Russia's seizure of Crimea last month may have unfolded with a lightning quickness, but Vladimir Putin and the West are now engaged in a much slower match of wits on a chessboard stretching across most of eastern Ukraine.
Rather than going for checkmate, both sides now seem content to wait for the other to make a mistake. Putin made a strong first move by placing 40,000 troops on the border -- and separatists, who are not officially linked to Russia, on the ground in Ukraine.
Now Moscow is waiting for the pro-Western government in Kiev to try to retake the parts of the east it has seemingly lost. In Russia's eyes, any such move from the capital would legitimize an overwhelming counterattack -- a re-run of the Georgia crisis in 2008, when President Mikheil Saakashvili lost his nerve, shot first, and prompted a Russian invasion.
Putin's problem is time; he cannot wait forever to strike. Troops cannot remain ready for combat for many months at a time. Separatists in eastern Ukraine are lost without outside support, and may become nervous as time drags on without any glimpse of a light at the end of the tunnel.
On the other side of the board are U.S. President Barack Obama, German Chancellor Angela Merkel and Ukraine's fledgling government. The biggest challenge for Obama and his German counterpart is to keep a united Western front. They need to uphold a credible threat of massive economic sanctions that could undercut the Kremlin's funding if it doesn't toe the line.
But cracks in Western unity are visible everywhere. Europe may be concerned about Russian aggression in Ukraine, but the continent is dragging its collective feet on taking a more confrontational stance towards Putin.
Some nations fear Russian pressure, especially on their energy supply. Many are nervous about the price their own countries will pay as a result of tougher sanctions. And nobody is sure yet whether they're ready to abandon the idea of Russia as a vital economic partner.
Obama, on the other hand, is much more inclined to put the squeeze on the Kremlin. Washington is used to confrontation with Russia -- and with Putin, specifically -- and America is much less economically-connected with its old Cold War rival.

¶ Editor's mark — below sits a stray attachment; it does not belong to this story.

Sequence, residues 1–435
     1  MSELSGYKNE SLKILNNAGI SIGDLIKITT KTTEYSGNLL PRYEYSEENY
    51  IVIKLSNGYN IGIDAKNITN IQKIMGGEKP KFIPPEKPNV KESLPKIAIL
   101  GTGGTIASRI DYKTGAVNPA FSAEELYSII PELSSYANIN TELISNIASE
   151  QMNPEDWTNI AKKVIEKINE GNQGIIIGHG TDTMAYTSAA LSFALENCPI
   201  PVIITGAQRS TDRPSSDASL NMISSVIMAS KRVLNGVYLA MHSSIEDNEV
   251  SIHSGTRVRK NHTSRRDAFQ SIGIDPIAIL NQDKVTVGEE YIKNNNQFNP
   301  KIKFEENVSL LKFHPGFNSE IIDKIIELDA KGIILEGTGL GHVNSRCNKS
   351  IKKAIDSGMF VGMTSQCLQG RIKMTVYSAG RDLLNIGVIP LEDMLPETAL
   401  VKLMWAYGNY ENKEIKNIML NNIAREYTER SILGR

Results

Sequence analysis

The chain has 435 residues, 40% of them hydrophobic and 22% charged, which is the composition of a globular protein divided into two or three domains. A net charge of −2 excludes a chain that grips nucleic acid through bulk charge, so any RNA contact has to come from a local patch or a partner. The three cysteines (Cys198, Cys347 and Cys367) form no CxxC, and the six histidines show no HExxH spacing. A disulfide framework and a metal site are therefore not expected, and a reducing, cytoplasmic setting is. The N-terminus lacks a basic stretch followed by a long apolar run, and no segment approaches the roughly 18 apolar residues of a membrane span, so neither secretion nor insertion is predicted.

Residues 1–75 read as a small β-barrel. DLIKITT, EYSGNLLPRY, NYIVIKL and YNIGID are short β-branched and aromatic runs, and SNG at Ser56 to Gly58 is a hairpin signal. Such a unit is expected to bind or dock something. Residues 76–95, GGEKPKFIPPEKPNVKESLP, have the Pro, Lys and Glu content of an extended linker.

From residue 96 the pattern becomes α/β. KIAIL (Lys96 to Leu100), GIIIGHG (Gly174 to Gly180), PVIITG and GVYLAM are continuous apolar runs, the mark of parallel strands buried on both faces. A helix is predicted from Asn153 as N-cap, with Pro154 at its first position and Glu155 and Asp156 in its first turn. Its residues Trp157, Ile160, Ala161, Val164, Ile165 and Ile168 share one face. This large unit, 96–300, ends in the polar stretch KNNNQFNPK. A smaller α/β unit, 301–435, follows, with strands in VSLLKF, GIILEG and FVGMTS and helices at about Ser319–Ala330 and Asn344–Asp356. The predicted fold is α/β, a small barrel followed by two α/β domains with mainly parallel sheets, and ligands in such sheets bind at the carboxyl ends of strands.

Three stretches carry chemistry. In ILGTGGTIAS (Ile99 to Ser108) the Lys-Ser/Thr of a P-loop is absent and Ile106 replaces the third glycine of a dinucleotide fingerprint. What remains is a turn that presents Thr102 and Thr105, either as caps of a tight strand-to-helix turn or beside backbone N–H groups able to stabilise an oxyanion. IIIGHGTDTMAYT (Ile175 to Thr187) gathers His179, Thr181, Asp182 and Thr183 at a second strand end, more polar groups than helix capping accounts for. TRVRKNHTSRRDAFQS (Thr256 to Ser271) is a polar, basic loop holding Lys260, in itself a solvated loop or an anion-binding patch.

American leaders aren't motivated solely by their concern over eastern Europe and Russia reasserting itself as a more aggressive and expansionist power. The U.S. also wants to assert key norms of international order -- namely territorial integrity and the principle to change borders only with the consent of all parties.
Ukraine is also a welcome opportunity to signal to allies and rivals alike that America is not retrenching from its global engagements. The impact of the Ukraine crisis on China and the various territorial conflicts with its neighbors will also loom very large on the minds of policy makers in Washington.
But whatever the differences among U.S. and EU leaders, the more they act in concert, the better chance they have to achieve their goal: beating back Moscow's attempt to undermine Ukraine's sovereignty and territorial integrity.
The West also needs to make sure that Kiev's interim government doesn't lose its nerve. As hard as it is for leaders to watch pro-Russian separatists take over their buildings, any large-scale operation in eastern Ukraine could give Putin the opportunity he may be waiting for: invasion with some kind of dubious pseudo-legal cover.
It is difficult to say who is in a better position. Putin is a master tactician. Since his years as a KGB agent in Dresden in the 1980s, he has gained much expertise in finding and exploiting the West's weak spots. And he seems to have broad support at home for his confrontational brand of politics.
Putin's weakness is his regime's economic dependency on the West. Without the steady flow of income from the sale of gas and oil, brought under control of the Kremlin, the regime would not be able to buy support at home and to finance costly and risky foreign policy adventures.
The West has no appetite to confront Russia. But if Putin's tanks roll into eastern Ukraine out of the blue, without any pretense of legitimacy, he will turn Western opinion even further against him. This could give Merkel and Obama the necessary backing for tough sanctions.
If he is to achieve his main goal, which is to prevent Ukraine from associating closer with the West, Putin will have to move fast. He probably needs to have some kind of Russian presence inside Ukraine (apart from Crimea), as control over separatists in the east alone might not be sufficient or sustainable.
A full-scale crackdown by the Ukrainian government on separatists would give Moscow the cover to move some Russian troops as "peacekeepers" into eastern Ukraine. Once inside the country, another "frozen conflict" could be created which would destabilize the country and prevent Western attempts to help Ukraine to get on its feet. This would keep Putin's longer-term ambition -- to bring Ukraine into a Moscow-led alliance or federation -- very much alive.
If the Kremlin comes to the conclusion that the West wouldn't respond to such a move with painful sanctions -- ones that would damage Putin's inner circle and be strong enough to sap major sources of income for the Kremlin -- Putin might choose to move along such lines or in other ways.
But if the U.S. and EU demonstrate that they are truly ready to use economic warfare to counter the Russian military machine, the West may yet be able to deter Putin from going much further. Something has to give soon.